Sudhanshu Malhotra has an insatiable appetite for news – trucking industry news that is.
“My day starts with trucks and ends with trucks,” he said of his news-browsing habit during a chat with Today’s Trucking.
Just a few years ago, Malhotra knew nothing about the industry. Now, as the fleet manager at energy drink distributor Powerbev, he is one of the few millennials who have whole-heartedly embraced trucking.
Malhotra’s journey began in 2014, when he arrived in Canada from India as an international student pursuing business management studies at Lambton College in Sarnia, Ont.
The business course made sense because he already had a bachelor’s degree in commerce, and both his father and grandfather were accountants in Ludhiana, a city in the northwestern state of Punjab.
An overwhelming majority of Indian immigrants in the North American trucking industry are from Punjab.
Malhotra, 31, got a big break soon after finishing school when he found a co-op position as a safety compliance administrator with the trucking consulting firm ABS SafeCom in Mississauga, Ont.
“Now I love this thing. I cannot stay away from trucking.” – Sud Malhotra
Until then he had no interest in trucking, and unlike many of his compatriots, none of his relatives were in trucking.
“Nobody was in trucking, (I was) never asked to be in trucking, and I didn’t want to be in trucking at all at the beginning,” Malhotra said. In fact, he said he wasn’t even aware that the industry was “that big.”
“Now I love this thing. I cannot stay away from trucking.”
Always itching for more knowledge, Malhotra attends multiple events each year and takes courses that helps improve his skills.
Last June, he was among the 12 young leaders graduating from the Driven to Lead Program, affiliated with the Private Motor Truck Council of Canada.
And later this year, he plans to take a course on risk management at the University of Toronto.
At Powerbev, Malhotra manages fleet budgets, insurance, acquisition and maintenance. The company has a mixed fleet of more than 200 vehicles.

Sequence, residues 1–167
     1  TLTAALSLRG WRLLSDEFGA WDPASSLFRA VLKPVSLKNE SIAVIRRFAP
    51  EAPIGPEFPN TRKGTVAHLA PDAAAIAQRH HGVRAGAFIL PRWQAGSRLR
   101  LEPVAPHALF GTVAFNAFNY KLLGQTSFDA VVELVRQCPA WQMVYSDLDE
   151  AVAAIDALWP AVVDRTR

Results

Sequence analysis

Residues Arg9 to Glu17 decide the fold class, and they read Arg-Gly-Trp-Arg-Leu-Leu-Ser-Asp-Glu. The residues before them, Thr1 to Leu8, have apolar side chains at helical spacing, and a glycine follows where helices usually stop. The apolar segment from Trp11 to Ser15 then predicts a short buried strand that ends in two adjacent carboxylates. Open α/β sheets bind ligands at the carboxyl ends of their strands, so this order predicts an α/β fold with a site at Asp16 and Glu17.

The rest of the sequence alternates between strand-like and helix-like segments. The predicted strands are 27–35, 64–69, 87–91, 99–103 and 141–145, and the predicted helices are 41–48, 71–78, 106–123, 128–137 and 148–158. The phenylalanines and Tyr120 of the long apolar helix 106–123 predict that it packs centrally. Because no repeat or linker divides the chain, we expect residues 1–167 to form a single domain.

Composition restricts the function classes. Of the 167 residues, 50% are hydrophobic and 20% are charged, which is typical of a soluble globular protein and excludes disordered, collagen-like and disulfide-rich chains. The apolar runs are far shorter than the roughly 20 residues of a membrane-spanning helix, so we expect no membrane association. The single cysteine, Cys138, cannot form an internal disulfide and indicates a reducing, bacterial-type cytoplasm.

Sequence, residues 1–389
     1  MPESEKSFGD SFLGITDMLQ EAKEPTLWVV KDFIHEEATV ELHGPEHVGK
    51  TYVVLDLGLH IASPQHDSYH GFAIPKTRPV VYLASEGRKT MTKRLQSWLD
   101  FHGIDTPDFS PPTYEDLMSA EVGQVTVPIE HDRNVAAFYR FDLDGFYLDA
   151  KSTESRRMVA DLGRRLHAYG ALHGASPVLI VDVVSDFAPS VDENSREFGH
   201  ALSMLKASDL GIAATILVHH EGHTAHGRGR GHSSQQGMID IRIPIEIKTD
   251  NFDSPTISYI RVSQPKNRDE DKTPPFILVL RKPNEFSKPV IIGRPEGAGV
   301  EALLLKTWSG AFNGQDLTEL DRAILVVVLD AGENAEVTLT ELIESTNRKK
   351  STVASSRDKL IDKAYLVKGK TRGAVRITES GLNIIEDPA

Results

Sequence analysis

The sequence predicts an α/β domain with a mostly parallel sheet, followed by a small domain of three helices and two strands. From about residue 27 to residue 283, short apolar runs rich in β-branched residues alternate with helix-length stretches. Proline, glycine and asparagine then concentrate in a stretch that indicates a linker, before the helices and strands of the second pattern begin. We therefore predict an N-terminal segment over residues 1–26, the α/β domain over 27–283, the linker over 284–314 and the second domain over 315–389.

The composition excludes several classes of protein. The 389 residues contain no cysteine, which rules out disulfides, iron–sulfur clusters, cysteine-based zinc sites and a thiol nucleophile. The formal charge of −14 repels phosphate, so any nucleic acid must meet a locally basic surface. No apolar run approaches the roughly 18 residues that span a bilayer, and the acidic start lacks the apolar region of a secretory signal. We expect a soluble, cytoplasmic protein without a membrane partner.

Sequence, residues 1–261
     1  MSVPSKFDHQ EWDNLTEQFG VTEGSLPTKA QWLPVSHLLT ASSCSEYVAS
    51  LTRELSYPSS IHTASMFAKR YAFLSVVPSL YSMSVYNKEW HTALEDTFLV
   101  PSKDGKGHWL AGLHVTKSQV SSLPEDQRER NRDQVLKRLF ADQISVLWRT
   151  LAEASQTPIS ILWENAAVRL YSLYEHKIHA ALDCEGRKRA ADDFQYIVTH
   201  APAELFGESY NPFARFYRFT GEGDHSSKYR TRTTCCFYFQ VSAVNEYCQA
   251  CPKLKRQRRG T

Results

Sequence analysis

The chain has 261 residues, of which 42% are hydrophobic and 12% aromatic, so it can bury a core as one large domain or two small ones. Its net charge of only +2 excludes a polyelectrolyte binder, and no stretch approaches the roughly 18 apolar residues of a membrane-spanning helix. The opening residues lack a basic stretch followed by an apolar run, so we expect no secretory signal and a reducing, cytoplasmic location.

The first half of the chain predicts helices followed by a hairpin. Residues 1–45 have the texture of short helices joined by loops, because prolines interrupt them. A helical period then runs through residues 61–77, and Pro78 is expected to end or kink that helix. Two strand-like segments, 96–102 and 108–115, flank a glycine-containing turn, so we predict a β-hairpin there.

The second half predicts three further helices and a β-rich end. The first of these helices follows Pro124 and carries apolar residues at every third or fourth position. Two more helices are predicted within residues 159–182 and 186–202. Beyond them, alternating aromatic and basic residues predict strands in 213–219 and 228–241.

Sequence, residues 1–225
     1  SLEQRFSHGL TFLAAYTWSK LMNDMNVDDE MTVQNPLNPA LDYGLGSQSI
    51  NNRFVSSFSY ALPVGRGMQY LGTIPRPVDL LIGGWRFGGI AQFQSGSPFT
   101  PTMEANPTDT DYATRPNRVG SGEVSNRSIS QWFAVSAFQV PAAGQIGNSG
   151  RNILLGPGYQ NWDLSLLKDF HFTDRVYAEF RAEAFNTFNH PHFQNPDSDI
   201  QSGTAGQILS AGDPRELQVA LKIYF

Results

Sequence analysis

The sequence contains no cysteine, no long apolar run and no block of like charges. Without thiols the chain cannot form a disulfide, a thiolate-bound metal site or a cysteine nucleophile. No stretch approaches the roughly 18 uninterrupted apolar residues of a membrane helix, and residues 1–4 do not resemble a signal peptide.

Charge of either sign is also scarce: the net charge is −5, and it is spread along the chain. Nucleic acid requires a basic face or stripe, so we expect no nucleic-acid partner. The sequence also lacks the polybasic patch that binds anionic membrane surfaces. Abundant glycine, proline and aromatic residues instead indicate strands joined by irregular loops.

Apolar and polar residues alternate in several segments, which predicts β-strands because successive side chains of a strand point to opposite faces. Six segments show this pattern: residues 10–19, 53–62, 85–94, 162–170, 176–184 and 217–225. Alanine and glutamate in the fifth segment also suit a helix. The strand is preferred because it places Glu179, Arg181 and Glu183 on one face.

“Whatever happens to the fleet nationwide comes to me.”
A regular in trucking’s social circuit, Malhotra volunteers for several organizations.
He is also the only man on the board of the Women’s Trucking Federation of Canada, an organization based in Cambridge, Ont., which promotes the empowerment of women in the industry.
“I don’t mind being there because the women on the board want to make an impact on the industry,” Malhotra said.
Learning through women’s eyes is great too because they have a different experience and perspective, he added.
Malhotra’s message to millennials reluctant to enter the industry is that there are “tons of opportunities” awaiting them.
A recent survey suggested that millennials are warming up to non-trucker jobs even as they despise a longhaul driving career.
“I think the opportunities are not being brought to their attention. Only the driver’s job is being highlighted,” Malhotra said.
And talking of driving, Malhotra has completed the mandatory entry-level training, and hopes to acquire his A/Z licence sometime this year.
“I want to experience the roads (driving a large commercial truck).”
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